Man drowns at waterfall near Tatamagouche that's been site of other tragedies
38-year-old swimming with family at Drysdale Falls when he went under surface
A 38-year-old man has drowned at a waterfall south of Tatamagouche, N.S., that has been the site of several tragedies over the years.
The man, who was from Three Fathom Harbour, N.S., was swimming Tuesday afternoon with his family at Drysdale Falls when he went under the surface and did not come back up, according to RCMP.
A member of his family tried to save him but was not able to help.
The emergency call came in around 4:30 p.m. Members of the Bible Hill Fire Department's special hazards response unit were able to rescue two members of the family. The team later recovered the man's body.
The investigation into his death continues.
The 16-metre falls are steep and located in a remote area.
In 2017, a 17-year-old boy suffered serious injuries when he jumped from the falls. Rescuers had to carry him out to a helicopter that took him to hospital.
In June 2007, a man from Oxford, N.S., drowned at the site while swimming with friends and family.
It was after that incident that Tatamagouche's fire chief attended a meeting with the Transportation Department, police and the local MLA, Karen Casey, to discuss solutions to the problem of people hiking into the site and being injured.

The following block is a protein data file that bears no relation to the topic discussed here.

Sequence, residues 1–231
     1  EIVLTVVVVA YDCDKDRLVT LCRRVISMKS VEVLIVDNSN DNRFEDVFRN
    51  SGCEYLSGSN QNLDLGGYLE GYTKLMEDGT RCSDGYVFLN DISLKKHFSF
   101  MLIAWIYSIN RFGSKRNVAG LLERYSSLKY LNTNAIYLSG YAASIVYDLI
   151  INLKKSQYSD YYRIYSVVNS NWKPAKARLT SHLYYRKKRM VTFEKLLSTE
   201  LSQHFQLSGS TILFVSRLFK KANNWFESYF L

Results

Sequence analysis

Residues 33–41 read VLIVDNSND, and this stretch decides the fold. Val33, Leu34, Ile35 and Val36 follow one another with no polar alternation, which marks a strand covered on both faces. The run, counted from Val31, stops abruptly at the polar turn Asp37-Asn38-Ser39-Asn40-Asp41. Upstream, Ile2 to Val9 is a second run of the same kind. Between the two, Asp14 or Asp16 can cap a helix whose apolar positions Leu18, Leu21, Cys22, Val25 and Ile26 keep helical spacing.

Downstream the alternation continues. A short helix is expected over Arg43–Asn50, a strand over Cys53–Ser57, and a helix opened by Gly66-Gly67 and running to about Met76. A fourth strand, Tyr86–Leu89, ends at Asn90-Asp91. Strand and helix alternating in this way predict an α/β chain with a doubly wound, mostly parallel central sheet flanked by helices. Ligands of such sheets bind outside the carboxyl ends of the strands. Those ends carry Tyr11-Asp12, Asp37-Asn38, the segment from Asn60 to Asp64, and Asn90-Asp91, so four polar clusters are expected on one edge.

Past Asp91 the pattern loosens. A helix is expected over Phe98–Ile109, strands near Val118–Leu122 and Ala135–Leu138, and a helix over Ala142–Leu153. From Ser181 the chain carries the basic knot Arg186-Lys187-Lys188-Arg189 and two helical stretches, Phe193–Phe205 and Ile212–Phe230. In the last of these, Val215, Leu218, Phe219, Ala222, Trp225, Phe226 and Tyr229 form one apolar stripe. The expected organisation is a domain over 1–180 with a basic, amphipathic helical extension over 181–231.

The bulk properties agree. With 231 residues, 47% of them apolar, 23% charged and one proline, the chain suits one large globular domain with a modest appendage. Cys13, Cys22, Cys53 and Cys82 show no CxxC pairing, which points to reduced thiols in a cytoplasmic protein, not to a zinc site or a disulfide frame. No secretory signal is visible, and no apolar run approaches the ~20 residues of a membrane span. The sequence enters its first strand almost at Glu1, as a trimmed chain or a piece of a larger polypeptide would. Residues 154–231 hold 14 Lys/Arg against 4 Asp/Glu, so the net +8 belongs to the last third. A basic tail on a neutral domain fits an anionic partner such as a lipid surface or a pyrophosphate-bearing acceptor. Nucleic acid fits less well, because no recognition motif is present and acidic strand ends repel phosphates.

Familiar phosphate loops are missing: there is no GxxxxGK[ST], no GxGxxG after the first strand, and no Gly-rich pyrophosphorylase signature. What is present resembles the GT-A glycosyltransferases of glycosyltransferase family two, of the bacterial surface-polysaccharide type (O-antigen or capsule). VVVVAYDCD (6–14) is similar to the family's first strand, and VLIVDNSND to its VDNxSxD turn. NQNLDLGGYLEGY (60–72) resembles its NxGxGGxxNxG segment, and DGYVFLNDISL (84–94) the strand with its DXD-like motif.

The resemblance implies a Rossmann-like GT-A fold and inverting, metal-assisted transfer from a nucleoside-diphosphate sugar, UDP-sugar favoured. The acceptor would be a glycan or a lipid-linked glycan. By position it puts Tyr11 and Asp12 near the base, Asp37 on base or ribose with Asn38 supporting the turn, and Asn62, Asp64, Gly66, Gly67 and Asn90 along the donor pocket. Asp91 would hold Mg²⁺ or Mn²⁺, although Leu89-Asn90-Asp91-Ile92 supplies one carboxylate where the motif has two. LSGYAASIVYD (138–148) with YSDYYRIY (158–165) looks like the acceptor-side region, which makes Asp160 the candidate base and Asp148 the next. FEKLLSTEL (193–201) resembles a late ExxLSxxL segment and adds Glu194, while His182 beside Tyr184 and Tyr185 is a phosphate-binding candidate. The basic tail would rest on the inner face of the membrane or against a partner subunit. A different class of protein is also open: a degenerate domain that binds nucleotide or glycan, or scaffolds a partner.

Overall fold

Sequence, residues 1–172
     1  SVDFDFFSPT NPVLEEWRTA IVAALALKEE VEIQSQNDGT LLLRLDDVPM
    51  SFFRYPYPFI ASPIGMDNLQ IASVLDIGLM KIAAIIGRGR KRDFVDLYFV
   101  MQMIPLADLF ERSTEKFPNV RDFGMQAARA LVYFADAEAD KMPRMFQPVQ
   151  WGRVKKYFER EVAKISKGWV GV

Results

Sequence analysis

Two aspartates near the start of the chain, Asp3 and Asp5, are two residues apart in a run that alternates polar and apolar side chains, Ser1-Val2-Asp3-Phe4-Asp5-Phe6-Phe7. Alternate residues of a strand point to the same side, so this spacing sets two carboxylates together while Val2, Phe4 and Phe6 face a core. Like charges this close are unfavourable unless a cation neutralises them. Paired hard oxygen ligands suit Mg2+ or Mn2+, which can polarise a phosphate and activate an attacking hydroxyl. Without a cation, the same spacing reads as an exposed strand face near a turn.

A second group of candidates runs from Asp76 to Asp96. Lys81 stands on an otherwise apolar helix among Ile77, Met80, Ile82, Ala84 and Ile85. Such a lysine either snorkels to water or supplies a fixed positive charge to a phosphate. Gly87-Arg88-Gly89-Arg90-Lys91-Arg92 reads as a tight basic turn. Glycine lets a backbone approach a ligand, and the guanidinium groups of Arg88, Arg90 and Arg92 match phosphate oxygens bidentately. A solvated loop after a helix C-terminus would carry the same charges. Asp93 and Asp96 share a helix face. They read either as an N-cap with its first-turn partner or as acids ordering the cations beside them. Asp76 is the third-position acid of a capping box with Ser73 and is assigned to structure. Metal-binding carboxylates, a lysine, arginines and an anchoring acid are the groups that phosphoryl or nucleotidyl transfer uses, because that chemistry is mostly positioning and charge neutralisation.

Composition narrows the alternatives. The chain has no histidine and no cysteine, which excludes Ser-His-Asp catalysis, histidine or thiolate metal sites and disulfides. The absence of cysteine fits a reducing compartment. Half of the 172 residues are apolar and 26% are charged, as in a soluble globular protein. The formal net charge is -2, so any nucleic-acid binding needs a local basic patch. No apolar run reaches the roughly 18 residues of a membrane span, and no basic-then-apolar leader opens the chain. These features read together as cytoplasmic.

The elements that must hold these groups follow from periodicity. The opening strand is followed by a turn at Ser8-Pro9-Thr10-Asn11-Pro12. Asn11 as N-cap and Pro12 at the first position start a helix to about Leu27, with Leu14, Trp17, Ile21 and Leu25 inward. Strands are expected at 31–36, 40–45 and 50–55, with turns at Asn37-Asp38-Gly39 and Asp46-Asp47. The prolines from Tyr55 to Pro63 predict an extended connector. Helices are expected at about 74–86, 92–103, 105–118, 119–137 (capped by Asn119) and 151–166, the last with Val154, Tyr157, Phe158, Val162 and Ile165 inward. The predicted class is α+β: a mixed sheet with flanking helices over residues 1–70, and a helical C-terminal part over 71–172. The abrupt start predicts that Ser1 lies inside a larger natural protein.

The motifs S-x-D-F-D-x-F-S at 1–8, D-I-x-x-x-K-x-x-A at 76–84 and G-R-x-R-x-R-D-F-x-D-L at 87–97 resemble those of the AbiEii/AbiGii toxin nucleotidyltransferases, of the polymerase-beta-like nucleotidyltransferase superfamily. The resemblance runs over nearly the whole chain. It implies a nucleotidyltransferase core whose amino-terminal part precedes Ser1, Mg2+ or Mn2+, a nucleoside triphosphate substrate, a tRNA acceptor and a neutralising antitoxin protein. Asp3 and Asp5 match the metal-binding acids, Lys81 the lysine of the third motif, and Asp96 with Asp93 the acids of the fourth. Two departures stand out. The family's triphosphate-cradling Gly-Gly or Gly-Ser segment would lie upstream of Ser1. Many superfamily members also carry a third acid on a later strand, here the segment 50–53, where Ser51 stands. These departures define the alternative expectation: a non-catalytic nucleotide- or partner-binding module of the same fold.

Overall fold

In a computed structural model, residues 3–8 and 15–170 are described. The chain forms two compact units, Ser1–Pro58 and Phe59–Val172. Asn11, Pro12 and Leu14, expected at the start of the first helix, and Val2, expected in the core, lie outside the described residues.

The falls are located on private property and the owners were also concerned about safety.
Brittany Chapman, who lives a few minutes outside of Tatamagouche and whose uncle is a local firefighter, appealed to people online Wednesday morning to be more careful at the dangerous spot.
"My concern is people not realizing the danger because it is an ongoing thing," she said in an interview.
She said the property owners have put up signs warning of the danger the falls pose, but people don't always heed them.
1st responders risking their lives
Chapman said first responders are also putting their lives on the line, attempting to rescue people from the pool under the falls.
"My uncle goes in almost once or twice a year just to save someone that's injured or even rescue someone that's in the hole and can't get out," she said.
"It's hard for them to get in there and to rescue people and get their equipment in."
Chapman said last year one of her friends was at the top of the falls horsing around with some others when he was pushed. He ended up with two broken ribs and a broken leg caused by hitting the water from such a height.
"There's just no room for error," she said.
Chapman hopes her online appeal will get the message out to prevent another tragedy.
"It's probably not going to be the last. Which is pretty sad but all I can do is try," she said.